Ontario Black History Society

402-10 Adelaide St. E, Toronto, ON, M5C 1J3

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In his current role as Director of Programs and Strategic Initiatives with Laidlaw Foundation, Orville Wallace leads grant making strategy and crafts ways to include and consider the needs of grassroots organizations like the ones he once led. He can think of two other people who look like him in a Director-level role within the grant making space in Canada. 

After 14 years of working in not-for-profit organizations, even developing his own Initiative with the Youth Justice Network of Toronto, he has been able to spend the latest chapter in his career, leading grant-making work across the province. Wallace prides himself on leading with a social justice framework, bringing his lived and professional experiences with him into the boardrooms he enters. 

“Considering the ways power and resources are situated and distributed in this society… I see myself as a broker of colonial wealth,” he said. 

“I always wonder why the people in Regent Park can’t have the same opportunities as people in High Park, and why people in Rexdale can’t have the same opportunities as people in Rosedale.”

Bringing with him all those years of frontline experience in grassroots community work, he is expertly positioned to bring in a nuanced perspective, more informed by the challenges and lived realities of the communities that funders and foundations intend to serve. 

Wallace stresses the importance of policy within grant-making spaces and its role in ensuring that funders provide true philanthropic support to those organizations on the ground driving real impact. Of equal importance to him is the need to begin to face the data and make decisions informed by it.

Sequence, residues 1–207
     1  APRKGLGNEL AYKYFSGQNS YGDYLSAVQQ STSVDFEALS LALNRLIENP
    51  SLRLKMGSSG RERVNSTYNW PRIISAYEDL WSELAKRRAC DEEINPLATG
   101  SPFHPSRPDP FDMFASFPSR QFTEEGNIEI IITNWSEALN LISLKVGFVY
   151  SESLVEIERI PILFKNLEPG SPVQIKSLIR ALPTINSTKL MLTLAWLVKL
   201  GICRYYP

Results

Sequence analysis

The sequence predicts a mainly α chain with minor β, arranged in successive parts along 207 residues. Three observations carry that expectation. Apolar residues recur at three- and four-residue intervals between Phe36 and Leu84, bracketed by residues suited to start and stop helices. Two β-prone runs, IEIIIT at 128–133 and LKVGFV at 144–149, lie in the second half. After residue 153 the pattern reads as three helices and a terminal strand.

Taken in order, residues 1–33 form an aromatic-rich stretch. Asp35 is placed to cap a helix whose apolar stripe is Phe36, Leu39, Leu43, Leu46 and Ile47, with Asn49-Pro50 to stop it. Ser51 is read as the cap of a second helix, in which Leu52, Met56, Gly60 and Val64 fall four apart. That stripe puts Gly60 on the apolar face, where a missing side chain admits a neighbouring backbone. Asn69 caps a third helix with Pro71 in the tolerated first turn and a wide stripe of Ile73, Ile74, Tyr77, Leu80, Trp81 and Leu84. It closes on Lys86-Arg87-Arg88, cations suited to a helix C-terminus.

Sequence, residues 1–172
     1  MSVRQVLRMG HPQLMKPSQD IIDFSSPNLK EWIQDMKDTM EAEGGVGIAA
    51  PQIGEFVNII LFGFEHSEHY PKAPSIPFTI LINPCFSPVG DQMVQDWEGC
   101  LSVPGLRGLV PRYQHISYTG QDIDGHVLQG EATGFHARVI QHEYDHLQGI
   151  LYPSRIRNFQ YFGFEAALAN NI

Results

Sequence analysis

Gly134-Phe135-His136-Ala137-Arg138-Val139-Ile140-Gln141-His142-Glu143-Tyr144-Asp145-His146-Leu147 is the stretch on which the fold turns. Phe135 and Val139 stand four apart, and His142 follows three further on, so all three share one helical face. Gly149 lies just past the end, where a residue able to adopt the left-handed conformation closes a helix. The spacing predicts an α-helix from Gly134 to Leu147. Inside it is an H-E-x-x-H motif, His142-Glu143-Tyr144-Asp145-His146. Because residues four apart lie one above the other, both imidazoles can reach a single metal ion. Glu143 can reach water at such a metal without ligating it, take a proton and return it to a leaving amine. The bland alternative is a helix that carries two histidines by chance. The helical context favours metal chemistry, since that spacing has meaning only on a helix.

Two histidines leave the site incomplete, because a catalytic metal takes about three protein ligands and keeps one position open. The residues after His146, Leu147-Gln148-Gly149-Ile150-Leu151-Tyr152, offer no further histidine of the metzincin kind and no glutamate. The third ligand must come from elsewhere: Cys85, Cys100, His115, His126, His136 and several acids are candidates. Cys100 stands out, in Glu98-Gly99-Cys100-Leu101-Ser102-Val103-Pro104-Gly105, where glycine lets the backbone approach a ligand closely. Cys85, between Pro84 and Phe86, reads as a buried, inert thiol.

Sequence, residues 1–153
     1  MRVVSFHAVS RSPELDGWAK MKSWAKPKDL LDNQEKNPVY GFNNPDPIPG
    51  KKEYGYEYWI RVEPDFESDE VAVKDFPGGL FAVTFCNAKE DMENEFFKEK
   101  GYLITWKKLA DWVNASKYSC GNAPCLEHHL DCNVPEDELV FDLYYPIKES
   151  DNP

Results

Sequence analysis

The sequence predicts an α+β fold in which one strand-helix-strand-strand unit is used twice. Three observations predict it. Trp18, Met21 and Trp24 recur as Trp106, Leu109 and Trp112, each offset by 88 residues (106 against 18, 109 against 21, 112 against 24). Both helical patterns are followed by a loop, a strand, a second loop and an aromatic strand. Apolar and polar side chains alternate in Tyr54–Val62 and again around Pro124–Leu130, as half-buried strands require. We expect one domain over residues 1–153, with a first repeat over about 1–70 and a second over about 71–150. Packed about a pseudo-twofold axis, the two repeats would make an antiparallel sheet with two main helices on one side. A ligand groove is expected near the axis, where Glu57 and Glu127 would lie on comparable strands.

“Through analysis of the data we can see disproportionate suffering…How do we now value that data enough for it to prove that we need to make changes with resources?” he asked.

Wallace believes that the over representation of Black and Indigenous communities in many of the colonial Canadian systems like the child-welfare, legal, or health care systems of today, have been very carefully designed and implemented over many generations, with a function of restricting the freedoms and/or wellness of particular groups. 

“It is not for black people to fix these [systems], but for the gatekeepers to… we now must work together to ensure better outcomes for these communities,” he said. 

Among the challenges in philanthropy, is the lack of trust given to Black-led or serving organizations. 

“There is still the idea that Black people are an inherent threat,” he said. 

“That same mental model makes its way into philanthropy and so people are afraid to give money to these communities. As a sector, we have to do the work to change our minds about people and trust that there are good people working hard for their community…they deserve resources.”

Wallace believes the solution to many of these challenges is to first acknowledge racism exists in the sector then to build systems of accountability within it. He insists that the systems and industries we know of today, including philanthropy, are not neutral. That there’s work involved in re-orienting mindset, and he feels well prepared to take on the challenge of leading that change. 

Is a student of Birth and Life, training with Doula Canada as a Birth and Post-Partum Doula. Her work centers around supporting parents and families in the journey of creating and/or maintaining a Village with strong networks to support the process of raising babies, children and youth.

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